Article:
## Purpose

To determine the strength of several different computer passwords. At the end of this experiment, you and your classmates will have an understanding of what factors make weak computer passwords and which types of passwords are stronger.

Computer passwords are common – often, you need one when logging onto a school computer or when logging into your personal email. Passwords keep unwanted visitors from accessing personal information. Computer passwords are essential for entities such as the government, which keep people’s personal information on file. These passwords need to be very strong to deter hackers from accessing this type of information.

## Required materials

• Computer
• Journal or logbook
• Several student volunteers with an equal mix of boys and girls
• Calculator

## Estimated Experiment Time

This experiment will take several hours.

## Step-By-Step Procedure

• 1. The first step is to determine how many passwords you will use and come up with passwords of varying strength. You could, for example, perform the experiment with two “easy” passwords, two “intermediate” passwords and two “difficult” passwords.
• 2. Set up email accounts for each password. Record each email account and password into your journal for organization purposes. Your email accounts could look like this:
 Email Password Strength Password johnsmith@hotmail.com Easy johnsmith johnsmith@gmail.com Intermediate j0hnSm1th13 johnsmith@yahoo.com Difficult c00kb00k_@xYXn
• 3. Have each student attempt to log into each email account. If you are doing two sets of easy, intermediate and difficult passwords, let each student know which email account has which level of password difficulty for the first set and let them try by themselves for the second set.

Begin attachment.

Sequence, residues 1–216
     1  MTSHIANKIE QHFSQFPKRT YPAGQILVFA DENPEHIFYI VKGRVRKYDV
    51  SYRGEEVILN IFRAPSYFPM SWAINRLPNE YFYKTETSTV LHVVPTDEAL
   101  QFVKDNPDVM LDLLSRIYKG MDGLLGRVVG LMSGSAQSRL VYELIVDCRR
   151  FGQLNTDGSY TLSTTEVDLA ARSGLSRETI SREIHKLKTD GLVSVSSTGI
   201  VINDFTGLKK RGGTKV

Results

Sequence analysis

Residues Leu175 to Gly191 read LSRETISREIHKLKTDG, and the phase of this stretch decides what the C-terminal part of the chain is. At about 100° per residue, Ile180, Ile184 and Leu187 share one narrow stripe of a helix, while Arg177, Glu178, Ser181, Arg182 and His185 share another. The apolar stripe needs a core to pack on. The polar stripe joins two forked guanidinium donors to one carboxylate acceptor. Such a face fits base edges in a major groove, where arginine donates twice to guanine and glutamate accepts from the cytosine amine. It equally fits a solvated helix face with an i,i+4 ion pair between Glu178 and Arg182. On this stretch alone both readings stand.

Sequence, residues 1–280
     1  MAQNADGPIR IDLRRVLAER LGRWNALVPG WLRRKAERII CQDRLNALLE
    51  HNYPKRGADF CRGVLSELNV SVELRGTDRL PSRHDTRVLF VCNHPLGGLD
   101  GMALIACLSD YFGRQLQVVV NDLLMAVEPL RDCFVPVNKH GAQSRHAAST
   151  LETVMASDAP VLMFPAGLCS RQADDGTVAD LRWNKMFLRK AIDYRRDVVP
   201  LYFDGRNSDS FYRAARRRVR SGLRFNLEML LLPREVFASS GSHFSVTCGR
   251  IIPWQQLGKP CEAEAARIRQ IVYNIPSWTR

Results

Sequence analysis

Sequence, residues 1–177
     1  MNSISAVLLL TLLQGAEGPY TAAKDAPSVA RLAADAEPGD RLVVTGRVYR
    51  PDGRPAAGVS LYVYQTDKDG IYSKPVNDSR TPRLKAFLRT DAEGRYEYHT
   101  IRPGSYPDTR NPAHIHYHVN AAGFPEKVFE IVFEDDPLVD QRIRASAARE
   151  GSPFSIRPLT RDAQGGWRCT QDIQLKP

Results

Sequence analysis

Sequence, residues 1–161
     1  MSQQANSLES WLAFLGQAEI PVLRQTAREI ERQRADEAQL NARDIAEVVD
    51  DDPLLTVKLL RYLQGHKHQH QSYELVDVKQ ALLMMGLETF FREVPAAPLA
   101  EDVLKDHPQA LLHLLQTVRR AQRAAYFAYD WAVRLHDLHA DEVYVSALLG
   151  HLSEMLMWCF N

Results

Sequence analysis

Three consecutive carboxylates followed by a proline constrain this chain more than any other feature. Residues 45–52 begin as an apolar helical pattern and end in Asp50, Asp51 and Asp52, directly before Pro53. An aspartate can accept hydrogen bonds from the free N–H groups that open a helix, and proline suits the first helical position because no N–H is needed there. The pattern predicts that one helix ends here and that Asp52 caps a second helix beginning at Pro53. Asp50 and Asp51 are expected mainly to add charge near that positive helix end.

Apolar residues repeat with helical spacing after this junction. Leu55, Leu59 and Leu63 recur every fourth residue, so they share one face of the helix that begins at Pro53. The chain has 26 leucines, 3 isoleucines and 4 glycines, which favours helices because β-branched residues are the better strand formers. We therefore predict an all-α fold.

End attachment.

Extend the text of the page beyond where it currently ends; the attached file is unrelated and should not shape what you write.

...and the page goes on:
• 5. Calculate the percentage of correct guesses with each password difficulty level.

• ## Note

You may need quite a few student volunteers for this experiment to get statistics that you can work with.

## Observation

Easy passwords will be guessable by your classmates and include passwords such as your name or your best friend’s name. They can also include passwords such as “password” or “computer.” Intermediate passwords will include numbers but are still relatively guessable, such as your name and age. Difficult passwords will include uppercase and lowercase letters as well as numbers and special characters.

## Result

The student volunteers will most likely easily guess the passwords that are considered “easy.” A few of them may guess the “intermediate” passwords and generally, none of them will guess the “difficult” passwords. How does your statistical data prove that difficult passwords are stronger and are better to use than easier ones? What types of people would be better off using a stronger password rather than one that is easily guessed?

Take a moment to visit our table of Periodic Elements page where you can get an in-depth view of all the elements, complete with the industry first side-by-side element comparisons!